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Could remote dispatching solve 911 comm center staffing shortages, burnout?

The technology, which proved itself during the pandemic, not only helps with employee retention but can ease police departments’ budget constraints

Working from home

Remote work is likely to prove useful during emergencies or when covering shifts on off-hours, and it also saves dispatchers time and money on commuting costs.

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By Bill Campbell

When a 911 center dispatches law enforcement officers to a scene, there’s no such thing as too much information. From knowing which officer is closest to the location to having extensive experience in the intricacies involved in responding to calls to being able to quickly look up and analyze the previous history of the address, information — and time — are of the utmost importance.

But with 82% of communications centers understaffed and 74% of employees plagued by burnout, law enforcement officers on the ground don’t always get the support they need at the time they need it most.

With pressure to swiftly respond to citizens rising, demand for experienced dispatchers increasing and budget constraints hampering police departments’ ability to staff up, there’s never been a more critical time to leverage technology to alleviate the heavy load law enforcement agencies and 911 centers face daily.

By offering flexibility and greater work-life balance, remote dispatching and call taking promotes employee retention, increases job satisfaction, decreases work-related stress and reduces turnover. In addition, it also increases resiliency by distributing workers over a larger area, providing a fail-safe in case of disaster — or pandemic.

When COVID-19 hit the U.S. almost exactly four years ago, many 911 centers didn’t have the infrastructure or technology systems in place to allow for social distancing, let alone handle an outbreak among dispatchers. With pre-pandemic staffing challenges and burnout already in place, something had to give.

To help solve this problem, a major 911 communications center in the Northwest used technology that emphasizes real-time collaboration and interoperability to create a customized solution during the pandemic. An initial “quarantine room” for dispatchers and call takers exposed to COVID quickly transformed into a mobile dispatch center in a customized trailer in the parking lot. From there, the comms center allowed workers to securely log on from home by developing a remote dispatching system.

What could have merely been a stopgap to deal with COVID ended up becoming a lifeline.

Remote dispatching allowed the center to have extra employees on standby at home during busy periods, reducing the need to bring them in for an entire shift, all without affecting response times. After years of testing, remote dispatching helped one experienced employee move across the country to work remotely, allowing the center to retain a highly skilled call taker who rents a dedicated, secure office space with high-speed internet to ensure proper connectivity.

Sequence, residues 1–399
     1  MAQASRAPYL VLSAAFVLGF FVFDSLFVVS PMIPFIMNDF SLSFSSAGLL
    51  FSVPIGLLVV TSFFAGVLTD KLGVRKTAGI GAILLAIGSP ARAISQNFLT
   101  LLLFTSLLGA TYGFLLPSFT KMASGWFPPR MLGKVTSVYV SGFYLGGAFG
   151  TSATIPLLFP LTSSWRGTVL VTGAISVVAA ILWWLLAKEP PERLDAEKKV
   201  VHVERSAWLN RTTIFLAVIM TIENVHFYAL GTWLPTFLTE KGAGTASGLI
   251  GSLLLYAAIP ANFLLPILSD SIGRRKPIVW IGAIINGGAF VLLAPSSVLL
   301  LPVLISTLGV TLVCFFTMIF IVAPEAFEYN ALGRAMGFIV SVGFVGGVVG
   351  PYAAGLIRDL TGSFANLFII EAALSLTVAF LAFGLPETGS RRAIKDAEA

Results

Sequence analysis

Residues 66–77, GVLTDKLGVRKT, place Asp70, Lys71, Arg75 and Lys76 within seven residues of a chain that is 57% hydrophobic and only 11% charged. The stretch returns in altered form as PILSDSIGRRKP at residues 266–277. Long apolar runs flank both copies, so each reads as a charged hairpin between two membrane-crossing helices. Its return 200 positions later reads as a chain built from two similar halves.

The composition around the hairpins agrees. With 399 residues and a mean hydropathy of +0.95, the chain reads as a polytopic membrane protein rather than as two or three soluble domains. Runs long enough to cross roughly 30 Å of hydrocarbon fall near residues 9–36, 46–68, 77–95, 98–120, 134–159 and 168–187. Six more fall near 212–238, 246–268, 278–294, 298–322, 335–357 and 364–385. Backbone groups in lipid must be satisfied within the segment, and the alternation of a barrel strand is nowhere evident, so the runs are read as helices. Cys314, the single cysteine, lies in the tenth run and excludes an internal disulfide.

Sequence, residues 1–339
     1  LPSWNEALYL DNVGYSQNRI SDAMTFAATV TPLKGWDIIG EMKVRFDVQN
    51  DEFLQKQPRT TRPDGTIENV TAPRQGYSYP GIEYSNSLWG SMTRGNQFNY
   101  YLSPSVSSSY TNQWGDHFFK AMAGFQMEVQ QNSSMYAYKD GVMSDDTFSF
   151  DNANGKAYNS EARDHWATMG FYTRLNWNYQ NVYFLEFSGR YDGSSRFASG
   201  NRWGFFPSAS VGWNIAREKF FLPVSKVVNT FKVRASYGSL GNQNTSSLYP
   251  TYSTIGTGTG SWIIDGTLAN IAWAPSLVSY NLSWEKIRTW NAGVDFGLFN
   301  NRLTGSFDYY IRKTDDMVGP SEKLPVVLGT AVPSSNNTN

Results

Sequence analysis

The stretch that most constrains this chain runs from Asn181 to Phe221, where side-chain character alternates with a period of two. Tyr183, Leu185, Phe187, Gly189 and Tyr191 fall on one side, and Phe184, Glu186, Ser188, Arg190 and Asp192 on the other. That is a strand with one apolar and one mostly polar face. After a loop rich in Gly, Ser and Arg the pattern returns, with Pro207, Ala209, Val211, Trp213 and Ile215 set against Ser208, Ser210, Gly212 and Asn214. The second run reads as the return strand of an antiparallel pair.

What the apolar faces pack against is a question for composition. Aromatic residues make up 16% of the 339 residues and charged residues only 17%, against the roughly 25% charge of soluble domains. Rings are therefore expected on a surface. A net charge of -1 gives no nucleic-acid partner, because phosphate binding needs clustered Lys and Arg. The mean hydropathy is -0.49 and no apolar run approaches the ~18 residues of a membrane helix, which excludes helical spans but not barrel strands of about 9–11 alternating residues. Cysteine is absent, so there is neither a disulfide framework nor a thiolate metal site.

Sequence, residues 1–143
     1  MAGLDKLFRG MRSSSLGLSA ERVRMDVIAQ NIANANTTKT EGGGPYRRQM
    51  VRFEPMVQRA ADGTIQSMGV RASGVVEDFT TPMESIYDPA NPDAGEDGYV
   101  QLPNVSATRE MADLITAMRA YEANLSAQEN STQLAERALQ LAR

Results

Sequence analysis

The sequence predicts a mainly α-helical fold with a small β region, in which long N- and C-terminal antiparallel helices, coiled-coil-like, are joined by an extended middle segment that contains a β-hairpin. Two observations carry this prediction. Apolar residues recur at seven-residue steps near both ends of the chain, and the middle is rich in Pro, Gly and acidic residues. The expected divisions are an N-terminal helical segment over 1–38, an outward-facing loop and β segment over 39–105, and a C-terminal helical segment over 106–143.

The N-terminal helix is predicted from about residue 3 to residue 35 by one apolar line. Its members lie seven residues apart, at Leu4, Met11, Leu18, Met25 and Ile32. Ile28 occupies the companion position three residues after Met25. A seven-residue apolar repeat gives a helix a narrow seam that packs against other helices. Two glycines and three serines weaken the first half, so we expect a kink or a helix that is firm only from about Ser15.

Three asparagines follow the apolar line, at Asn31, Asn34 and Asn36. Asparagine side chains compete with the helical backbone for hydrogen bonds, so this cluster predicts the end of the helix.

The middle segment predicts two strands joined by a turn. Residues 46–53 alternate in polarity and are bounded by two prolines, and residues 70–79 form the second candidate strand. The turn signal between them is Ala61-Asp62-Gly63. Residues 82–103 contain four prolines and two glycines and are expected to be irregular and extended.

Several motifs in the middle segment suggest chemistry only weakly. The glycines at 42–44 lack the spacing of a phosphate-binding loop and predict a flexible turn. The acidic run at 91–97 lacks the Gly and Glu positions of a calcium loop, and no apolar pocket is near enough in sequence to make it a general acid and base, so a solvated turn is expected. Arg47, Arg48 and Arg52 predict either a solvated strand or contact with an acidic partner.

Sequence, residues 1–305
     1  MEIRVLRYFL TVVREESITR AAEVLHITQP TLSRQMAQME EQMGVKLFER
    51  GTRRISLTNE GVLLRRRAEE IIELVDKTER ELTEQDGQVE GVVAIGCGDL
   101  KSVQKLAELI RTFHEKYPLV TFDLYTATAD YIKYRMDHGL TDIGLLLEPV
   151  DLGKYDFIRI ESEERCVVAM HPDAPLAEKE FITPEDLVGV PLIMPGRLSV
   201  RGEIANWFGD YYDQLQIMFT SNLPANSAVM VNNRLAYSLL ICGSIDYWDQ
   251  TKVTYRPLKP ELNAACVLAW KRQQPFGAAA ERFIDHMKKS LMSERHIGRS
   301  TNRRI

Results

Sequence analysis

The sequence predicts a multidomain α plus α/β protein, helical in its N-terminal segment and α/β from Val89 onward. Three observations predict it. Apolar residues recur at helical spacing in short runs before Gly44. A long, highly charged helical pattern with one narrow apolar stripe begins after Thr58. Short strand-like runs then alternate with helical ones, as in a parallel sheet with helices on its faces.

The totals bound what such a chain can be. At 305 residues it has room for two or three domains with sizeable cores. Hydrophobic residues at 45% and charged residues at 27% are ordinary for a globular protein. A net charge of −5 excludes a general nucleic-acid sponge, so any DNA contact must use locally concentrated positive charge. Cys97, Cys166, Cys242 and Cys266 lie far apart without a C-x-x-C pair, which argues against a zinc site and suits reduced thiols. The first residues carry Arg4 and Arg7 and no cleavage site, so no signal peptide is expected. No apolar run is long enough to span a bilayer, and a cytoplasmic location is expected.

Moving forward, remote work is likely to prove useful during emergencies or when covering shifts on off-hours, and it also saves dispatchers time and money on commuting costs. Even more importantly, it offers a unique opportunity to expand the talent pool of highly qualified dispatchers who may not be within commuting distance of a centralized communications center. As remote dispatching reduces the need for comms center infrastructure — and the associated large overhead costs, such as building maintenance, utilities and expensive equipment — it could also provide police departments with the additional budget they desperately need to get more officers on the street and allow more flexibility in their own work shifts.

As for dealing with potential regulatory, security and communications challenges, the communications center installs — and frequently audits — all equipment and hardware in the homes of dispatchers and call takers with the latest security parameters to avoid unauthorized access. The center uses virtual private networks, or VPNs, to run all software on virtual servers so nothing sensitive is saved on an employee’s home workstation. In addition, communication between remote and non-remote workers poses no challenge. Regardless of whether they’re sitting two feet or 20 miles apart from each other, comms center workers all use the same app to communicate with each other and first responders while simultaneously taking calls.

With today’s mapping technology, there’s less pressure for dispatchers to be intimately familiar with every neighborhood in their coverage area. Dispatchers can know what’s going on in any given neighborhood thanks to the powerful technology they use every day.

Working for a 911 center is a mission-based job that, while demanding and stressful, provides an incredible sense of purpose. Remote dispatching expands the ability to draw more purpose-driven people into this line of work, benefitting public safety — and countless lives — in the process.

About the author

Bill Campbell is senior vice president for Hexagon’s Safety, Infrastructure & Geospatial division, leading the Americas region and the global public safety business.